Opinion: After fleeing Kyiv for western Ukraine, my and other families seek out ways to help

I am in Khmelnytskyi, Ukraine, with my family. This is the town where I grew up, where I went to school, where my parents live. At the moment, things are fairly calm here. Yes, we run to the bomb shelters when the sirens blast, but it was way scarier in Kyiv. We try to stay useful to our local and, let me point out, very active volunteer movement. It is our cure against depressing thoughts.

We weave the camouflage nets, called “kikimory” for Ukrainian tanks and soldiers. Next to me is a mother and a daughter maybe 12 years old. The space is bone chilling and the girl is tired now. “We need to finish,” says her mom. “It is our contribution. Do not slack, Barbara! Let’s show our resolve and finish.”

We witness a never-ending flow of people bearing gifts to the local volunteer hub. I see four people, each carrying a corner of a mattress. I see others carrying plastic bags with food and clothing. A grandma steadying herself with a cane is carrying two oranges and a home-made jam in an “avoska” (a homemade knit bag). She is mumbling to herself, “easy, easy.”

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We are at the farmers’ market talking to a guy at the dry goods section. “If you have ever bought from me, you know I have the best corn meal,” he says.

“I have not bought from you before,” I reply. “I am from Kyiv.”

“Oh, thank God you are here now! Hold on. Take this for your children. Cookies. This is from me. For free. Everything is going to be all right.”

Opinion: After fleeing Kyiv for western Ukraine, my and other families seek out ways to help

I am recording a video for my special-needs students. Two remain in Kyiv. A young girl who cannot walk independently basically has to live in her bathtub layered with blankets. Her family lives on the 20th floor of a high-rise with no chance to run to the basement each time the sirens blast. I want to encourage them, but instead they encourage me. “Of course, we will see each other again! Everything will be all right. We are hanging on. Take care of yourself! See you soon!”

My sister and her family are in Hungary. Her young daughter is trying to make sense of the calm, slow pace of Budapest everyday life. “Mom, look, they are EATING APPLES OUT ON THE STREETS!”

We are trying to convince friends from Kyiv to leave and join us here. My friend answers, “No, thank you. We are staying. We do not want to compete with people from Bucha and Kharkiv who lost everything.” We have not been able to get in touch with our loved ones in Makarovsky suburb. Friends from Irpin suburb, I cannot fathom what you are experiencing right now. I wish I could use the Harry Potter spell that awakens the giants. I wish I could use it to get our Motherland Statue to shelter people with her shield.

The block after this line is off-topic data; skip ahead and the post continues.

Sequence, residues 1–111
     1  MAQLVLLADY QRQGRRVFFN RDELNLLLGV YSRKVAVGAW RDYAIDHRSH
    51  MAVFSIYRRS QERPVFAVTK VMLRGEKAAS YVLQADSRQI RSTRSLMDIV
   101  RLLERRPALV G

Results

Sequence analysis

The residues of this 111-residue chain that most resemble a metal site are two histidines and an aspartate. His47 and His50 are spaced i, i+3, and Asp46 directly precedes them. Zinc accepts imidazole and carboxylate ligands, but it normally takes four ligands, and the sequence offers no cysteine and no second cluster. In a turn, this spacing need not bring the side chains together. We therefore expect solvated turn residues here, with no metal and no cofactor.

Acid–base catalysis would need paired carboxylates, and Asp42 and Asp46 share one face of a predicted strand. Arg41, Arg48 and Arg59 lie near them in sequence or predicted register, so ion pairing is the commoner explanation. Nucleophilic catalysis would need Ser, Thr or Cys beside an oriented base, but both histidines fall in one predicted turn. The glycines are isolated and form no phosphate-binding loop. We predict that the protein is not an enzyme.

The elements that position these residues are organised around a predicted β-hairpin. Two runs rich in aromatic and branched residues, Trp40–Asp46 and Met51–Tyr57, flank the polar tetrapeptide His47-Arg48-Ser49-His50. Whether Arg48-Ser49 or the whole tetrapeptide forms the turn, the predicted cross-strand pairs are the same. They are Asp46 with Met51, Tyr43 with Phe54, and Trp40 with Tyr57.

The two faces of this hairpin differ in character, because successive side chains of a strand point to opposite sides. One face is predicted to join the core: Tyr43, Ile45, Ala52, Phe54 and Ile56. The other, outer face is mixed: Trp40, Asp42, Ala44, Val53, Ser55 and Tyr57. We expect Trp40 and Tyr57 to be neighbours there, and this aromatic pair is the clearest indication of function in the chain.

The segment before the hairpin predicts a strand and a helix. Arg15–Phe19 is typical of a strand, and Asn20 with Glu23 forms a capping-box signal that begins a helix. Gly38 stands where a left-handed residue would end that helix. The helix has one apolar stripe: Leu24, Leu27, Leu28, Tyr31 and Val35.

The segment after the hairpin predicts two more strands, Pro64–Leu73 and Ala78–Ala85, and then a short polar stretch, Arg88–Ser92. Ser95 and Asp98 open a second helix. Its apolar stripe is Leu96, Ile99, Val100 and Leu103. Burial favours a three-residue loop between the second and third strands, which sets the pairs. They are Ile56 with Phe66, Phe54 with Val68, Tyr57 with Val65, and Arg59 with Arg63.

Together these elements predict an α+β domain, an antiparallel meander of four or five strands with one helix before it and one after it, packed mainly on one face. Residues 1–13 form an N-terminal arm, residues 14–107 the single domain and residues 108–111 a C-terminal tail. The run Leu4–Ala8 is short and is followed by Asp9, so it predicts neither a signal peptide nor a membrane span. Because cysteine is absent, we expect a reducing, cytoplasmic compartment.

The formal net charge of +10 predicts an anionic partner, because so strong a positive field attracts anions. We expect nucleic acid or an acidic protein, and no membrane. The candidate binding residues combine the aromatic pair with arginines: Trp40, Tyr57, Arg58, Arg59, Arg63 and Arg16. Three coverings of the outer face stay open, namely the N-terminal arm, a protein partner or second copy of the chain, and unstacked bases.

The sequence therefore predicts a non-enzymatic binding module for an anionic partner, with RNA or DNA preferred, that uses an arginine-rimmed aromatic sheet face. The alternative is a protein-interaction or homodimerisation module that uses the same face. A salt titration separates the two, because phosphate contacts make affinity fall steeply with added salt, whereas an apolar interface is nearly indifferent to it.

A retired teacher hands over her cash that she has been saving for her funeral to the volunteers. She wants it to go to the internally displaced people. She says it is not the right time to die.

Snowdrops are here. It is the first sign of spring.

There is no scale to measure everybody’s contribution to the victory. Do what you can where you are with what you have. Barbara, do not slack! Soldiers, live! And return us our mason jars in which we packed your provisions. Joanne Rowling, send us your good charms so that we could awaken the giants for our protection, and walk outside on our peaceful streets eating apples!

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About the author and the translator

Olga Yakovenko is from Kyiv, Ukraine. This piece was translated by Maryna Nading of Decorah, Iowa.

Nading writes: "Our (extended) families live in the same apartment building in Khmelnytskyi, Ukraine. It is one of those bleak-looking gray panel buildings built throughout the socialist bloc countries in the 1980s. But there has always been much happiness inside those walls until recently. Olga’s family lives on the fourth floor, and my family lives on the third floor. Our parents are friends and still live in the same apartment building. Olga and I grew up and left. I am now Iowa-based. I teach anthropology at a liberal arts school, Luther College. Olga lives and works in the special education field in Kyiv.

"Russian invasion displaced Olga and her Kyiv family, who endured a hellish car escape from Kyiv under exploding skies to the relative safety of Khmelnytkyi. Their family of five, plus the in-laws, moved in with her parents in the same apartment where Olga grew up. I vividly remember a black piano that had the honored place in the corner of their living room. I wonder where nine people find room in their small apartment. I know they are in a better situation right now than many in Ukraine.

"For Olga, her childhood home still offers shelter and comfort, something millions of Ukrainians have lost. Our families continue to be friends, and now my sister’s girls play with Olga’s youngest child between the trips to the makeshift bomb shelter when the sirens are wailing. Olga, her husband, and her older children started volunteering two days after their arrival to Khmelnytskyi. Olga has allowed me to translate her poignant observations about these weeks of hellish war in Ukraine. I share her belief that before too long we, Ukrainians, will be able to go about our peaceful lives."